These five key policy areas crucially determine our quality of life and well-being. In each of these social policy domains, there are significant market failures that necessitate government regulation, subsidy or outright provision. The state has a critical role not only in ensuring socially desirable outcomes, but also in pursuing outcomes that are consistent with the aspirations of Singaporeans, while keeping within fiscal means and maintaining work incentives.


Moderating the risk pendulum’s swing

In doing so, the government has to realise that its previous policy stance—of emphasising only individual and family responsibility—may have excessively shifted risks from the state to citizens. As Joseph Stiglitz, former chief economist of the World Bank and 2001 winner of the Nobel Memorial Prize for Economic Sciences, observes, at a time of rising uncertainly, volatility and inequality, the state should instead be actively absorbing the increase in risks and insuring citizens against them.

Singapore has good potential to improve the lives of its citizens in precisely this way. Government spending in Singapore as a share of gross domestic product of around 17 per cent is among the lowest in the developed world compared to 35–40 per cent of GDP in most Organisation for Economic Co-operation and Development (OECD) countries or 25–30 per cent of GDP in other advanced Asian economies. Singapore’s current levels of spending are low even by historical standards of up to 25 per cent of GDP seen in the mid-1980s and early 1990s. Singapore can afford to return to these levels of a public spending while maintaining competitiveness and long-term fiscal sustainability.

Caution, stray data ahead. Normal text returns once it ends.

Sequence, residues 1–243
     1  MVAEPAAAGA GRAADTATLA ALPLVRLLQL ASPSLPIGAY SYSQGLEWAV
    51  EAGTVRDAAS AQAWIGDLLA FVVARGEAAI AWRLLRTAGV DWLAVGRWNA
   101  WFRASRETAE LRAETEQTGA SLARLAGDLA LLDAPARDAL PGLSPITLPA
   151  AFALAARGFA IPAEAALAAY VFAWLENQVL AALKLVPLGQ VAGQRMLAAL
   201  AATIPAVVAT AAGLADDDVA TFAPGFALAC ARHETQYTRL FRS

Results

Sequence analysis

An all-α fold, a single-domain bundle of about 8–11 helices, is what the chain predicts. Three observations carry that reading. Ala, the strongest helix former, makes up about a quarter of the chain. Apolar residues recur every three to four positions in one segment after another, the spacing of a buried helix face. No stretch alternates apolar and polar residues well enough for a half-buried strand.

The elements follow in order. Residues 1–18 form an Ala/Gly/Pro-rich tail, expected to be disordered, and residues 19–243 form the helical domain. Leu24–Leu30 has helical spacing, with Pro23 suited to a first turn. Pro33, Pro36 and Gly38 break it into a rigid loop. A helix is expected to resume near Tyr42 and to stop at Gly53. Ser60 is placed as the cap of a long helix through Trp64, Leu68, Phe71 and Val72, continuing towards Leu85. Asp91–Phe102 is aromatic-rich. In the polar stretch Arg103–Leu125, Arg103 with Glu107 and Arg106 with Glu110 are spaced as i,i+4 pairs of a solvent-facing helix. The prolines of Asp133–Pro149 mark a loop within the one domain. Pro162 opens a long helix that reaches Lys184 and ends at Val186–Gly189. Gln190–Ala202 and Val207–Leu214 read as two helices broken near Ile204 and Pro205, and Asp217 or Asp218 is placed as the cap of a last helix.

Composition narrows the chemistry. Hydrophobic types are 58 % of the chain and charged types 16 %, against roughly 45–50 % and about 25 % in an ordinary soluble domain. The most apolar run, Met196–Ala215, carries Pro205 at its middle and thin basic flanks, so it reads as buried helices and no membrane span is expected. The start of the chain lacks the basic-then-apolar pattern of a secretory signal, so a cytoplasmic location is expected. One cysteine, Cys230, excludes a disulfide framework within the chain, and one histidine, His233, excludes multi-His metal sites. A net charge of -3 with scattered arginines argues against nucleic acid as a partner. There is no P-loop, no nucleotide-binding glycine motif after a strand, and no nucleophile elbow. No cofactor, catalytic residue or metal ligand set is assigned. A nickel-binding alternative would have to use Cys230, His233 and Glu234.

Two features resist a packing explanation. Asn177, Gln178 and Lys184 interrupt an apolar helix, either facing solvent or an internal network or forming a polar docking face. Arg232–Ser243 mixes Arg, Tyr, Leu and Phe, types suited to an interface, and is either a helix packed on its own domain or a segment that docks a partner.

The bottom 10 per cent of working age households has difficulty making basic ends meet; while the bottom third has little discretionary saving and is highly vulnerable to bouts of unemployment and illnesses. These create major barriers to social mobility.


Forging a new social compact

It should also be borne in mind that what is proposed here is a long-term strategy to construct a new social compact. Pursuing a vision of what Singapore society should be requires wide public discourse and consultation as well as intelligent design and careful implementation. However over a 10–20 year period, this could result in a far-reaching overhaul of the way the Singapore state provides social security, housing, healthcare, education and infrastructure/environmental goods, re-defining the social core and character of Singapore society with significantly higher levels of citizen well-being.

This means constructing the new social compact proactively as a shared strategic vision rather than as a series of piecemeal, reactive responses to populist demands of the day. It also means that the government must be prepared to review and discard long-held beliefs, fixed policy mindsets and taboos, in particular its reflexive aversion to welfare and increased government spending, or an undue bias towards “leaving it to market forces”. These mindsets constitute the greatest barrier to the constructive remaking of our social compact.

After both a cataclysmic economic crisis and a watershed general election, we need to return to the Singapore state’s founding virtues of pragmatism, social activism and people-oriented policy innovations—virtues that so successfully guided Singapore in its first 40 years as an independent nation.


Yeoh Lam Keong is Vice-President of the Economic Society of Singapore, an independent economic consultant and ex-Chief Economist of the Government of Singapore Investment Corporation.

Donald Low is Vice-President of the Economic Society of Singapore.